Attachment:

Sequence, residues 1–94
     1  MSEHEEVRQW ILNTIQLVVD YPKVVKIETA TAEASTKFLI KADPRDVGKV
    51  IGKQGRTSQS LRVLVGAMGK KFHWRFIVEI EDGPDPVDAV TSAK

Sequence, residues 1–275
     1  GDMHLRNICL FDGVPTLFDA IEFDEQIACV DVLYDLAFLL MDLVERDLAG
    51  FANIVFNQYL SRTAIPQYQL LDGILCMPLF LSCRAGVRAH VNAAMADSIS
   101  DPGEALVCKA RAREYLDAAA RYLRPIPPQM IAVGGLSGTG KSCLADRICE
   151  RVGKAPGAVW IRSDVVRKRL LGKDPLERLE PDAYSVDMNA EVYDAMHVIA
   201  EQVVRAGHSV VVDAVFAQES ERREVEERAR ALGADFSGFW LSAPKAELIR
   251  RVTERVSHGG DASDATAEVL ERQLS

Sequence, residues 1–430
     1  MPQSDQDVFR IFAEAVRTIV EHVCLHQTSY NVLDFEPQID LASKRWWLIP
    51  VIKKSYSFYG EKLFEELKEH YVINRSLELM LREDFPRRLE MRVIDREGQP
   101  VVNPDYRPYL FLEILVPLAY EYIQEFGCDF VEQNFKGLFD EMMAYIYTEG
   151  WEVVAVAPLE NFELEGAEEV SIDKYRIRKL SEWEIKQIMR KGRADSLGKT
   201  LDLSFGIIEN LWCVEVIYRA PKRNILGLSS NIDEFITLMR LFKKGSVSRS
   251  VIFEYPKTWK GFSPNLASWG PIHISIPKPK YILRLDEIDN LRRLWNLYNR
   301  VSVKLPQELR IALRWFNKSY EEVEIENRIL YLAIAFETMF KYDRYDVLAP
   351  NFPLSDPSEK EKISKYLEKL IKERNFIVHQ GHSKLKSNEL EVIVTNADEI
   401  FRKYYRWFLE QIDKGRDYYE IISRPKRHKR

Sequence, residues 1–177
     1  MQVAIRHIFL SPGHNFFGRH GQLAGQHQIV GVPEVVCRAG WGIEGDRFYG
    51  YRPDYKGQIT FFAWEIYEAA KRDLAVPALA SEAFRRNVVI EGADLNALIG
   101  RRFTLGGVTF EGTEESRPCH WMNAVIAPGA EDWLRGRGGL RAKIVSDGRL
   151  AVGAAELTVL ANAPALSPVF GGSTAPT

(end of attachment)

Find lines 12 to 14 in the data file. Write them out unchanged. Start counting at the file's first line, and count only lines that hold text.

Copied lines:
     1  MPQSDQDVFR IFAEAVRTIV EHVCLHQTSY NVLDFEPQID LASKRWWLIP
    51  VIKKSYSFYG EKLFEELKEH YVINRSLELM LREDFPRRLE MRVIDREGQP
   101  VVNPDYRPYL FLEILVPLAY EYIQEFGCDF VEQNFKGLFD EMMAYIYTEG